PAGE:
The Subaltern Ideology in Aravind Adiga's WHITE TIGER: A Postcolonial Study


  • Maryam Mohsin Jebur Al -Obaiody General Directorate of Holy Karbala Education


Postcolonial Indian Society, marginalization, Eurocentric, Indian, darkness, Subaltern, Spivak, Social Inequality, Minority Culture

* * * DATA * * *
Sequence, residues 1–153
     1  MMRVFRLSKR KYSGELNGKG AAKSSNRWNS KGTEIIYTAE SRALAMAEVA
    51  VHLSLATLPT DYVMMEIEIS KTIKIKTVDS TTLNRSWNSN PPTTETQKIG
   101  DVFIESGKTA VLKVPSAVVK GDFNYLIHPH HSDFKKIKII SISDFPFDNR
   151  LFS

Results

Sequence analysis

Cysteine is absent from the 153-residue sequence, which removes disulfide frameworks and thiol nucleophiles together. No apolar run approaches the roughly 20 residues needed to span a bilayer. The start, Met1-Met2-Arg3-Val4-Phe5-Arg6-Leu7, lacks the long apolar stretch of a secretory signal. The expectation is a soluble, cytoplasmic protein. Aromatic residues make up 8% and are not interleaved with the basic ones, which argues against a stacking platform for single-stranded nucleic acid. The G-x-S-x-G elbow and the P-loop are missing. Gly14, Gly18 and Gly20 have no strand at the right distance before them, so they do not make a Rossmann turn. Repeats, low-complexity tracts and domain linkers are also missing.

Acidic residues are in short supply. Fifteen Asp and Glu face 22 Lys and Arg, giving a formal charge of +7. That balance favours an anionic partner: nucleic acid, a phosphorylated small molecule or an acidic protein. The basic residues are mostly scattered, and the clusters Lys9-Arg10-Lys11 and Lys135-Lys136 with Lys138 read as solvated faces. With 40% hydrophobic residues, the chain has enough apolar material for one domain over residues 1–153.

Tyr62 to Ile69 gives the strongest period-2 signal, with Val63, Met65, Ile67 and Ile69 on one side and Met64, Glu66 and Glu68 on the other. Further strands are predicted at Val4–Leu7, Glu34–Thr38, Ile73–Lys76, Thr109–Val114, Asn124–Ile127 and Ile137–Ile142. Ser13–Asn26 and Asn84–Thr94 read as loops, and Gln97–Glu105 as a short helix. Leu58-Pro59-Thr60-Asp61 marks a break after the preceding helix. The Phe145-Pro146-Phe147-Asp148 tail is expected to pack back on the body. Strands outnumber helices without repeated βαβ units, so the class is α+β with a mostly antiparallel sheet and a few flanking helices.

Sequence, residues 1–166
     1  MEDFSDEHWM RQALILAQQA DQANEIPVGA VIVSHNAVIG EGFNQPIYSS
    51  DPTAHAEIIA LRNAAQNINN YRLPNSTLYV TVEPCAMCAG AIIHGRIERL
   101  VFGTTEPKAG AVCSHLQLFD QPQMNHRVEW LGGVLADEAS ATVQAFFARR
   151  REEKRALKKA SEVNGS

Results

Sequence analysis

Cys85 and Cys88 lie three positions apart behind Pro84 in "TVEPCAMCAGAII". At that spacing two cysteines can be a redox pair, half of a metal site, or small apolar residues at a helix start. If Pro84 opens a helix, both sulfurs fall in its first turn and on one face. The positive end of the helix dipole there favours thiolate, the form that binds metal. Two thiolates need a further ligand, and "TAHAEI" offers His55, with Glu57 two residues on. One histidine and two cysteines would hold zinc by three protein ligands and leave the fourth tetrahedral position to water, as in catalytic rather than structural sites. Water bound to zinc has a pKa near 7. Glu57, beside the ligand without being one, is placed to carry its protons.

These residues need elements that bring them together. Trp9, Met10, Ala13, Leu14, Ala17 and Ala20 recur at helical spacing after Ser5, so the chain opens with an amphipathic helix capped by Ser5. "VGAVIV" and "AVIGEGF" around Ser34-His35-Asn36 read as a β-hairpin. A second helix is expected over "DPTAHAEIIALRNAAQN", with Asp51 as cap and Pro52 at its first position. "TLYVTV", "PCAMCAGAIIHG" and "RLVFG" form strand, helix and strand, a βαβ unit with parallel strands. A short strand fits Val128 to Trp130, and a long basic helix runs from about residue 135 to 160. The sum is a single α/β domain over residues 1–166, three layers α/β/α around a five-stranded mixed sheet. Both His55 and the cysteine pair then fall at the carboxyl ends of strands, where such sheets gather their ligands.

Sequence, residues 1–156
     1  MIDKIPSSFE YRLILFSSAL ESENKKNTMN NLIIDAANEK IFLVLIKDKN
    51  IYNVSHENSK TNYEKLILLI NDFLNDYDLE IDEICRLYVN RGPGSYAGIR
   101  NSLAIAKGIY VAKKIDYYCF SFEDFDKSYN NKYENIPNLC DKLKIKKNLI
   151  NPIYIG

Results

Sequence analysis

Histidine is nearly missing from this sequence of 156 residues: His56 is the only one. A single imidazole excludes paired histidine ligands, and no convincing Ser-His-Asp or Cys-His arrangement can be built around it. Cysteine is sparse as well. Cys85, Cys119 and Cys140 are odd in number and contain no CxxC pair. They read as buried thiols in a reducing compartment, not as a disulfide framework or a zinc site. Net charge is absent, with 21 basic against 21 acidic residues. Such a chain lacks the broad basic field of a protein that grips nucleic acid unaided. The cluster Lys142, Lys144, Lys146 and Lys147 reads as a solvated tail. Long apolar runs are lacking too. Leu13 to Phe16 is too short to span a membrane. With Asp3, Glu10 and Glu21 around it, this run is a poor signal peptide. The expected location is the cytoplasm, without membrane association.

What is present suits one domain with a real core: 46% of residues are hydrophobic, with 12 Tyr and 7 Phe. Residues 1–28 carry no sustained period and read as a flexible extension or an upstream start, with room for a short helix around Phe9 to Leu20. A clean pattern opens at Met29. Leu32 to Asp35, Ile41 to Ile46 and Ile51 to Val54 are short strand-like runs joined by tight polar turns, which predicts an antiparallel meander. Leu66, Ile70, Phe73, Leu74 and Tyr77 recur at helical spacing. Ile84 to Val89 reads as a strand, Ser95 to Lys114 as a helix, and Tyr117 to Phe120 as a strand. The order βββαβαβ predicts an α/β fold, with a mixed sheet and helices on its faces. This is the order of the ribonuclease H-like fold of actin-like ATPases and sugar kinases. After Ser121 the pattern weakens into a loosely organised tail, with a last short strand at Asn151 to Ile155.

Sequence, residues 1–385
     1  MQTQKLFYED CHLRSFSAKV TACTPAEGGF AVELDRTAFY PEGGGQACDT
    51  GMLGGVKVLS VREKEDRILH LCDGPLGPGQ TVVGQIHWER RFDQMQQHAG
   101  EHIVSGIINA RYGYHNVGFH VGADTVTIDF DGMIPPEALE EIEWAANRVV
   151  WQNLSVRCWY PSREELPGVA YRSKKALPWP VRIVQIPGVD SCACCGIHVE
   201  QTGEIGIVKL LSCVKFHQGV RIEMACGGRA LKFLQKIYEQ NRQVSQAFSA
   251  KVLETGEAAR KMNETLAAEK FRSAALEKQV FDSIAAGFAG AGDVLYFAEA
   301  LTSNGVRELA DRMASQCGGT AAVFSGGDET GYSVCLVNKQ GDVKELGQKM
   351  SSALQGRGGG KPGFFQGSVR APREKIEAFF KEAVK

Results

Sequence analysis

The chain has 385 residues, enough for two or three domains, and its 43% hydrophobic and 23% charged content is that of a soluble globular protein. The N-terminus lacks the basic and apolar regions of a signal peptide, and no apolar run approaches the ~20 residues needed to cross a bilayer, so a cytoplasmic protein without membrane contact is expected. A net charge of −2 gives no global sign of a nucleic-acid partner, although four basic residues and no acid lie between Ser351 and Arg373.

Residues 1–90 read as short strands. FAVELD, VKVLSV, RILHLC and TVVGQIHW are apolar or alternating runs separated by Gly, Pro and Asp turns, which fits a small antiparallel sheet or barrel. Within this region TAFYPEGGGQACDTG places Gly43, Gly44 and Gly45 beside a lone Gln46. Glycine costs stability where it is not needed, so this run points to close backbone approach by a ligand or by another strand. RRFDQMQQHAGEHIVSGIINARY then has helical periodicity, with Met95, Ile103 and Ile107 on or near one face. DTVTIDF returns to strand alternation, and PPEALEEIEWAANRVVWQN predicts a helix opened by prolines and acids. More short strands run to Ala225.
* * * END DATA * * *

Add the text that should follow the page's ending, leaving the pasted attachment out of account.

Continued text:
knowing the notion of the subaltern, which describes the struggles of minorities in society and culture, is necessary to comprehend postcolonial literature. One of the most fundamental standards for evaluating Indian society and culture is subalternity, and it is one of the most typical experiences a person from the East will have. Subaltern studies are used in this study to define and analyze Indian postcolonialism. Subalterns are marginalised by race, socioeconomic status, gender, sexual orientation, ethnicity, or religion. This symbol stands for non-elite cultural groups, the underclass of an illiterate society, and dependent non-illegal individuals. The beliefs of the wealthy elite influence or shape the thinking of these organisations. The protagonist is as distinct as the white tiger depicted in the title. He demonstrates bravery by fleeing the rooster coop, symbolizing servitude and the underworld. The binary of night and day can effectively represent the opposition between Indians. From postcolonial hybridity and marginalization to postmodern coexistence, the novel's discourse advances. Adiga's use of literary devices shift in today's sociocultural environment and his freedom to do so are assessed. The author has attempted to challenge established power histories and create a neutral ground where elite and underprivileged perspectives can coexist. He has created a space for unity where people from the centre and the margins can interact and learn from one another through postcolonial discourse. Adiga's use of numerous similes simplifies classification. He frequently compares various things to human anatomy, behaviour, etc. He has also drawn parallels between the characters and various natural phenomena. He remarks how similar humans are to animals. He considers women to be as malleable as fruits and vegetables. The White Tiger by Aravind Adiga, which describes the conflict between colonizers and colonized people, and Spivak's subaltern theory will be used to examine the author's opinions and thoughts. The study highlights alienation and otherness through social inequality, subaltern and subaltern concerns. The reasons listed above are only a few of many. The study will make an effort to explain how the nature of the concepts under examination and the present relate, starting with this common premise.